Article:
Job boards: Tracing the history and evolution

Job data automation in job boards

What do you do when you want to look up a job today? You register or log on to one of the many online job recruitment portals available and surf through thousands of options displayed on your feed. Complex algorithms used in these job recruitment websites have simplified the process of job hunting. The software used for these sites implement appropriate job automation and scraping techniques to curate a customizable feed for candidates, making the entire process seamless.

 

Job boards are websites that collate and list job openings from different companies and recruiters. They capture vacancies from employer sites, perform job automation, and update the postings as and when required by the company. Amidst an industry that’s populated with competitive recruiters and aspiring candidates, a job board aids both these users in finding each other.

 

But, job boards were not this functional and efficient when they first started out. From mere Bulletin Board Systems (BBSs) to the modern-day intuitive platforms, job boards have come a long way.

 

History of job boards

 

The Beginning

 

Usenet is accredited for being the first prototype of a job board. The discussion system used its platform to post messages for people to read and discuss. It resembled a BBS and is considered to be the precursor of the Internet forums of today. An actual dial-up bulletin board system, however, was first launched by the Data processing Independent Consultants Exchange (DICE). It was founded by two IT contractors in the year 1990 and was created to find contract jobs easily. Job portals during this period focused on the working class and the professionals in the industry. The first job listing platform exclusively for students was initiated by Career Mosaic in 1994 for the universities in USA and Canada.

The recruitment giant, Monster.com, was started in the year 1994. Another major venture that boosted job boards back then was the Online Career Centre (OCC) launched by Bill Warren. It was a two-way non-profit organization backed by major corporations.  The venture was meant for both, recruiters to post job listings and applicants to upload their resumes.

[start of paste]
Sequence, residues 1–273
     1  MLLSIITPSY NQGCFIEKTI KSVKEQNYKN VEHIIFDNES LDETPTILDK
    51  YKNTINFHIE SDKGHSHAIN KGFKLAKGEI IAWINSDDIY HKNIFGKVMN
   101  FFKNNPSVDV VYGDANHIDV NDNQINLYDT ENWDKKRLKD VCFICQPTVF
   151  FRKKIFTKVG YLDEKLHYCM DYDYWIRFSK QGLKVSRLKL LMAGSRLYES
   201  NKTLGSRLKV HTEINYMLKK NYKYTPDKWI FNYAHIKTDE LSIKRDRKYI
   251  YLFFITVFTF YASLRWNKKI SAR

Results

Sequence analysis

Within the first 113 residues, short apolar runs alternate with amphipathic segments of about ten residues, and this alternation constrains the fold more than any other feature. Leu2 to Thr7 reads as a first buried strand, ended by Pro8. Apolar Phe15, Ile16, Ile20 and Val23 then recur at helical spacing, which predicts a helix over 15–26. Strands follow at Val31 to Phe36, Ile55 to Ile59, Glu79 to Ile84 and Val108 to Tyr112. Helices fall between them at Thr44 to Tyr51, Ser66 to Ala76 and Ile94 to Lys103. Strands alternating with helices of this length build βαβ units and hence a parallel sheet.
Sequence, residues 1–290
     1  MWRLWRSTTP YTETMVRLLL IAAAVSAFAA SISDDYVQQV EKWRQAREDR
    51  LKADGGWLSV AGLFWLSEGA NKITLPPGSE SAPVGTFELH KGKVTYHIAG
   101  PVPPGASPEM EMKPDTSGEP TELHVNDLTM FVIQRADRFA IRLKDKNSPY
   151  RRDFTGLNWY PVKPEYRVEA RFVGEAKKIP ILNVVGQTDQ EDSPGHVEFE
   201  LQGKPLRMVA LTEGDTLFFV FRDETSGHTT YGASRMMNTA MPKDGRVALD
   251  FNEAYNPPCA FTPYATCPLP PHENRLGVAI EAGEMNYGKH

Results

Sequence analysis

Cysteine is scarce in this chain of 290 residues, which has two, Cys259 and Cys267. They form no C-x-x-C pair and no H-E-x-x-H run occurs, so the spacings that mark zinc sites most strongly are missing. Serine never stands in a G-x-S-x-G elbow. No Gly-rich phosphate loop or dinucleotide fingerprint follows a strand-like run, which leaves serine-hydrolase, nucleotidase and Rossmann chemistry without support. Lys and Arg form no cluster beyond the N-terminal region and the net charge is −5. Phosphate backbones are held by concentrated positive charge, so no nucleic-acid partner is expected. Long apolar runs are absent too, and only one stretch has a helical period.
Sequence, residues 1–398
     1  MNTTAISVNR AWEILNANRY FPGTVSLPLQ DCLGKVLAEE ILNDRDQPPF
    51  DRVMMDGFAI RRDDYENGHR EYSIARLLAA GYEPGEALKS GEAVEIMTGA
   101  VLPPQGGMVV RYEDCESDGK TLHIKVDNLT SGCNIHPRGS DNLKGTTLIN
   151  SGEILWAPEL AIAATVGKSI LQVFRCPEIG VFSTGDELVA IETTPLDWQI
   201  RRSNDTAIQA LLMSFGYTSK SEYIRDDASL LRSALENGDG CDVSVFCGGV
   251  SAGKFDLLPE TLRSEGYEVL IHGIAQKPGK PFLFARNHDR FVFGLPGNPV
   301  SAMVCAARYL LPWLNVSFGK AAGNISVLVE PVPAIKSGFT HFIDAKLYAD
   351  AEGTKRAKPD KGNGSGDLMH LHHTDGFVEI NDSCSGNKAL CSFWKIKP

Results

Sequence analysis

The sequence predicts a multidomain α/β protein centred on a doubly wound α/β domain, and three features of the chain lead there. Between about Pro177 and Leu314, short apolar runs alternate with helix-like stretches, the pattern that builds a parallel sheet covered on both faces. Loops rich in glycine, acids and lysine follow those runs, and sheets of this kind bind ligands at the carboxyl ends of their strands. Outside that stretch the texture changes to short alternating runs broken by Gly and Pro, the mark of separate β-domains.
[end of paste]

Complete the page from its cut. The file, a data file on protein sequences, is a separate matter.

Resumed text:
The Initial Steps

 

The years between 1995 and 1999 saw an expansion in the platform, reach, and coverage of primitive job boards.

DICE moved from a bulletin board framework to a web-based architecture. Offline media, like newspapers, started putting out online job listings via platforms like Career Path. Until now, the job sites available garnered and posted high-end intensive opportunities for the IT industry. The outlook changed when Monster.com purchased OCC in 1995. The purchase opened doors for low and mid-level job opportunities for people. The same year also saw the birth of Craigslist, which took the change a step further. Craiglist offered its clients ‘job lists’ devoted to local classifieds and community forums.

The year 1997 saw the first application of job automation and scraping. Jungle and CareerCast employed these techniques to obtain and refine the job postings on their platforms. The job listing industry wasn’t limited only to the United States of America. StepStone, the first job board system in Europe, was launched in Berlin, Germany in the year 1996.

 

The Big Time

 

The Big Time marks the years between 1998 and 2000 that bridged the old structured job boards to the new ones. The use of job sites rapidly spread among the job-hunting community, with Monster.com running the first Super Bowl ad. The popularity of job boards grew because of this exposure, and JobsOnline was ranked as the number one job site then.

The job board industry till 1998, focused only on the hiring aspect of the recruitment process. Job portals emphasized more on the agency needs than the employer needs. The dot-com crash in 1999, however, ushered a shift in this perspective. With a significant decline in the economics of the corporate industry, job agencies and recruiters both resorted to job boards for filling in the glut of vacancies. Job boards, now, started seeing the need to maintain a balance between the corporate employers and the agencies. This changed outlook paved the way for present-day job boards.

 

The Recovery

 

Years 2000 – 2008 saw the recovery of the economy and a revival of the job recruiting industry.

Job sites had started employing techniques like job scraping and job automation on a large scale to acquire more such job openings on their platforms. Along with mainstream job postings, these sites began listing niche jobs, as well as, entry-level jobs on their websites, flexing it for people of all skill sets. Procured from the corners of the world wide web, these openings underwent job wrapping, updating the latest requirements that the employers looked for in the applicants.